Josh, my co-founder and I started Honor Cycles to support bicycle mechanics. In a nutshell, we think they’re the unsung heroes of the bicycle world. Most of them are so passionate about cycling, but only the very few get treated fairly. Most of the bike shops in our service area actually pay them less than the London living wage. Needless to say, that’s not nearly enough to get by.
So our mission is to pay all of our mechanics fairly. One of the reasons we’re able to do that is that our ‘unconventional’ business setup allows us to avoid high rent. In return, we can use that excess money to pay our workers what they actually deserve.
Also, for an industry priding themselves on eco-friendliness, we sure use lots of unsanitary tools. So we make sure all of our oils, de-greasers and service vehicles are environmentally sound. I like this planet, so I’m trying my best to keep it healthy.
We also want to give back to the community at large, so we pledged to donate 5% of our labor time on bicycle-related causes for the communities in need. There are lots of great cycling causes in London – we’re getting in touch with some of them as well as trying to do our part alone. I’ve seen firsthand how transformative to one’s life cycling can be, so I want to try and help as many people as possible discover their passion for cycling.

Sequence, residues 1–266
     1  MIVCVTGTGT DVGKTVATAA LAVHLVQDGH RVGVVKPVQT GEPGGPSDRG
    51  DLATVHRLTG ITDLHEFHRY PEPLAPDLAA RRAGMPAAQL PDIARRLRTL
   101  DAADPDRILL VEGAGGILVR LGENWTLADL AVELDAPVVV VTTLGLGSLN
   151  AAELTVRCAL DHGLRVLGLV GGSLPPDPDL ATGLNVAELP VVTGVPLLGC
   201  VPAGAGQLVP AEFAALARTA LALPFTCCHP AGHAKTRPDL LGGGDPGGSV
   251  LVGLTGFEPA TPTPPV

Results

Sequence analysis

What’s the most unusual or exotic bike you’ve worked on so far?
I’ve worked on so many bikes that it’s hard to pick the strangest. Out of all of the custom one-off designs and bike shed projects, I have to go with a low-pro style bamboo & hemp single-speed bike that had 80mm deep section carbon wheels.
I wish I’d taken a photo of it at the time because you really have to see it to understand just how off this thing looked. It was like some sort of aesthetic mash-up of Tron and Crouching Tiger Hidden Dragon. It had quite a good back story too – the owner had been an expat in China for a while and built the frame himself, using bamboo and hemp local to where he was staying. The frame he was riding around in London was one of many iterative prototypes, and he was mighty proud of it.
How do people get in touch with you?
Most people get in touch via our website (www.honorcycles.com) that has all the services we offer (and pricing) clearly outlined. A few people call in when they’re not entirely sure what might be wrong with their bike, and need some help choosing the right service.
Is there anything else which you were wanting to tell me about?
Bikes are the most intimate vehicles, I really cannot think of any other vehicle that compares. People say that what car you drive says a lot about you, but the bike you ride says so much more. The time you spend in the saddle wearing down components and adjusting things to your liking makes even the most mass-produced bike unique to you, your body’s geometry, your riding style and where you ride.
As a mechanic you can really see the rider’s character when working on their bike, so it’s important to respect that and treat it as you would your own bike, putting things back exactly where they were. In a way it can feel a bit strange when handing a bike back to the customer because you feel like you know them a little, you almost can’t help but want to have a little chat. For me that is the sign of a true mechanic: skills are good, but caring is king.
Thanks to Simon in Honour Cycles for the conversation. I wish him all the best with this interesting and very worthwhile enterprise.